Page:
Walter Sheaffer founded a pen company in 1908. He patented a deflatable rubber sac in the barrel of the pen that was quite an innovation. The Sheaffer Pen Company was a big hit. They built a new factory in 1952, then were purchased by Textron Corporation in 1966 and later by Bic. The Fort Madison factories closed around 2005, but the Sheaffer name is still used for some pens (but they are now made in China).
During the Roaring ‘20s, Fort Madison was flush with swing bands who filled local establishments with happy dancers. In 1925, the city renamed its streets to impose order where none previously existed.
Fort Madison has lost population in the past few decades, mostly as the railroad cut jobs, but there are still some big manufacturers nearby. Siemens builds wind turbines, and Armour has a meat processing plant on the south end of town.
Exploring the Area
For tips on the local scene, contact the Fort Madison Area Convention & Tourism Bureau (800.210.8687).
The Daniel McConn Barn (2095 354th Ave/US Business 61), one of the largest barns you’ll ever see, was built in 1857 using native limestone and a heck of a lot of timber. It has three levels inside and three cupolas outside. It is still a working barn, so regular tours are not offered but it is easily visible from the highway. McConn was one of the first Europeans to live in the area and became one of the wealthiest.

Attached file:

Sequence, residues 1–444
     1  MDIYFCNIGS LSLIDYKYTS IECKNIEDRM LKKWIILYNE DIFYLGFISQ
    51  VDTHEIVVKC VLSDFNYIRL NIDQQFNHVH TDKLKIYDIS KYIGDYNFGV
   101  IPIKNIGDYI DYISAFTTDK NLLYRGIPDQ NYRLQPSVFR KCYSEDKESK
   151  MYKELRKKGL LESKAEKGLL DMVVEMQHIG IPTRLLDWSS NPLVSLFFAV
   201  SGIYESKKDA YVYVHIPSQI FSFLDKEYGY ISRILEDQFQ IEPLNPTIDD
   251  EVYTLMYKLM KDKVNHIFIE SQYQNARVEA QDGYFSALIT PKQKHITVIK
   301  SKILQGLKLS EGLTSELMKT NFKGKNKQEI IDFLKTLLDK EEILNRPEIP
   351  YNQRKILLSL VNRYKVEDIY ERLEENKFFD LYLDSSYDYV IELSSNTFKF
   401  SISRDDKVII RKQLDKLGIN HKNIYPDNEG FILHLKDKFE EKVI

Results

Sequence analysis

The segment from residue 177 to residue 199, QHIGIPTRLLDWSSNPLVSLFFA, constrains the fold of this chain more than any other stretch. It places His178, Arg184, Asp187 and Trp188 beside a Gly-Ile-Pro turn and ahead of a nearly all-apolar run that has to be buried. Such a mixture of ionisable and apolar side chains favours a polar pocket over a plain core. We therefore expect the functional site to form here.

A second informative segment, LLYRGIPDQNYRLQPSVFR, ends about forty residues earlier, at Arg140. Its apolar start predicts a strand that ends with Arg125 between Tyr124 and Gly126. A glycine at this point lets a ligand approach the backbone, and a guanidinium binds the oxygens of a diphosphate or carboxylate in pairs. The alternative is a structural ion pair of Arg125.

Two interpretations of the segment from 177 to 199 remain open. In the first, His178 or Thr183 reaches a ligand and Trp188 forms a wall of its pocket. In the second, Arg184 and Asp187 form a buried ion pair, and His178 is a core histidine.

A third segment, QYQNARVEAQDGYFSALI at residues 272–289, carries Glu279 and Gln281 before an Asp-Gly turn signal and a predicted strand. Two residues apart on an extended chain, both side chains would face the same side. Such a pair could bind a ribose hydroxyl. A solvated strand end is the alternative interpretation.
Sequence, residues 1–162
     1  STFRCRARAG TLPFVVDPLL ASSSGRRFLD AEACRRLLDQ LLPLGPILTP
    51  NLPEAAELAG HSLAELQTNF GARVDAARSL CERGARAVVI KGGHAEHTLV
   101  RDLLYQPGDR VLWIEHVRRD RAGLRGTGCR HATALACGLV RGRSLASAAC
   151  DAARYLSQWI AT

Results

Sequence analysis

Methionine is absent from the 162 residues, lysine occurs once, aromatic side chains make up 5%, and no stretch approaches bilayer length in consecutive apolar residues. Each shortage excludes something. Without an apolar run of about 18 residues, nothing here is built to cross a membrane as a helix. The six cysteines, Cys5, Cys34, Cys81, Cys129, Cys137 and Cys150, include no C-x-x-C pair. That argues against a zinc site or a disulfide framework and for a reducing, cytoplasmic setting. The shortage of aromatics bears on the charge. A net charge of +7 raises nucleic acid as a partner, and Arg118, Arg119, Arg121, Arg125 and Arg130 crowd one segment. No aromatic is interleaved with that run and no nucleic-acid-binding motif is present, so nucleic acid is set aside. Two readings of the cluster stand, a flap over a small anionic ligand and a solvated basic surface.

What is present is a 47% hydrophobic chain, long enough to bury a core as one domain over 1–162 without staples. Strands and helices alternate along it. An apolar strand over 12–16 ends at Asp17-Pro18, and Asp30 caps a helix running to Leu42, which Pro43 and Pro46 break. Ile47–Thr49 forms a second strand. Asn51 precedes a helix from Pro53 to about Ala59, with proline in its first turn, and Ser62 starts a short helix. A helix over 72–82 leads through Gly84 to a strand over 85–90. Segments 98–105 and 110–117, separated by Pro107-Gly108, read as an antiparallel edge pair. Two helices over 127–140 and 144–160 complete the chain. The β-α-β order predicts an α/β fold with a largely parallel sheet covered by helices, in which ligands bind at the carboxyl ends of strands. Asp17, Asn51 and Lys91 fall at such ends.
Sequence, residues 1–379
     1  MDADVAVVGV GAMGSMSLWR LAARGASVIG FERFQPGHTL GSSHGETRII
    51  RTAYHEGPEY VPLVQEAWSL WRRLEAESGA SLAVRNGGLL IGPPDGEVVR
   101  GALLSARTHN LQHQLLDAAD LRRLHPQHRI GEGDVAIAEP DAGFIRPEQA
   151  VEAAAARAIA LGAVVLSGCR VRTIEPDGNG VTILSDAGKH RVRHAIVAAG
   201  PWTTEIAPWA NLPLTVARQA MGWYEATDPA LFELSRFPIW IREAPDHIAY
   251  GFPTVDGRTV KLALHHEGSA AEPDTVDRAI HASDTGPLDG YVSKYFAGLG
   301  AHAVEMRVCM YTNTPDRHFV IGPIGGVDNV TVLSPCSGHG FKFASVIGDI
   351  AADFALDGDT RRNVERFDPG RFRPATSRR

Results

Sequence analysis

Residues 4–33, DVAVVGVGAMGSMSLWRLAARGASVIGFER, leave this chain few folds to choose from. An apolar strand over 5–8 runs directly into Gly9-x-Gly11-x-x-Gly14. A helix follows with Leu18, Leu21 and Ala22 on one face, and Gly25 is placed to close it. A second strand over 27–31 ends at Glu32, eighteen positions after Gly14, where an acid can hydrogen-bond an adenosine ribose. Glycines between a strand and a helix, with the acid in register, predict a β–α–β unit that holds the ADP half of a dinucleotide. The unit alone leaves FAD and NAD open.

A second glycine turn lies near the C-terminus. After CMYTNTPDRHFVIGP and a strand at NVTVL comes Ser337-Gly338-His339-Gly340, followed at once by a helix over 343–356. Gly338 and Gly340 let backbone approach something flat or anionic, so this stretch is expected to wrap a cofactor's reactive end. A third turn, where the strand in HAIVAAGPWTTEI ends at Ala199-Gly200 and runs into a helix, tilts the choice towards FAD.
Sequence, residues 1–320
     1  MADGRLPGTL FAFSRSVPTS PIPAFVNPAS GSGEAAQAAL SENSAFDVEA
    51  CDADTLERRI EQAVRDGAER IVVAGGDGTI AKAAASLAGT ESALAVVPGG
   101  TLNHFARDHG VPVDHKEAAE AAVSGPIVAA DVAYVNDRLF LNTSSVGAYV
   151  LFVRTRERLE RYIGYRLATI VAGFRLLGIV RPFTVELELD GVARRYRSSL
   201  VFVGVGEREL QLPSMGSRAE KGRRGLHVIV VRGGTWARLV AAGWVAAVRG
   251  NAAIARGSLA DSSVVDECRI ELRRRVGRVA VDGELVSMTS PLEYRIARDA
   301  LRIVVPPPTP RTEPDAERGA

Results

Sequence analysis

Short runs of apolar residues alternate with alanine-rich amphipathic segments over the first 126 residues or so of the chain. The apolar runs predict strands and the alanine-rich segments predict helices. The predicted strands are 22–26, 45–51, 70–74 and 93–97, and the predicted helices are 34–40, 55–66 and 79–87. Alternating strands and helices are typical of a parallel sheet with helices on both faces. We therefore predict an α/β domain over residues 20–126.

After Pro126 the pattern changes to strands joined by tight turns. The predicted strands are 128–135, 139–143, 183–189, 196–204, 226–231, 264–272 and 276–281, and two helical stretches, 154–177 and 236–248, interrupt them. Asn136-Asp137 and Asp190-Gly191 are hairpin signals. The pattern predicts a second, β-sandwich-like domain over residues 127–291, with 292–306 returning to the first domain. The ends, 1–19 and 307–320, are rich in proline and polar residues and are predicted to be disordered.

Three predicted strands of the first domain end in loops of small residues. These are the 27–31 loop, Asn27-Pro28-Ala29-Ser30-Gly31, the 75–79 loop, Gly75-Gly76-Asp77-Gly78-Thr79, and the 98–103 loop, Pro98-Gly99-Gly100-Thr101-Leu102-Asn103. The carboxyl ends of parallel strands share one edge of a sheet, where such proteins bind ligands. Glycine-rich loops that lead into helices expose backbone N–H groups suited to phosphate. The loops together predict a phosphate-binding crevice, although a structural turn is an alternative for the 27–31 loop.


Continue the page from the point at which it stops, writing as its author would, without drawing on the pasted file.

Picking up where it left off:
Riverview Park (5th Street and Avenue H) is a pleasant place for an easy stroll along the river or to sit and watch the river roll by. In the park, you’ll find the Lone Chimney Memorial, a replica of the remnant chimney that stood in the area for many years after the fort burned. The replica was built in 1908 to mark the 100th anniversary of the building of Fort Madison.
Old Fort Madison, also in Riverview Park (319.372.6318; open April-October), is a reconstruction of the original 1808 fort. It was built using materials and methods that would have been used in the early 19th century. Guides in period garb tell visitors about life at the fort during the frontier era.
The Sheaffer Pen Museum (627 Avenue G; 319.372.1674) has an impressive collection of pens manufactured by the former Sheaffer Pen Company and also has several machines that were used to make them. The museum has limited hours, so call ahead to verify that they are open.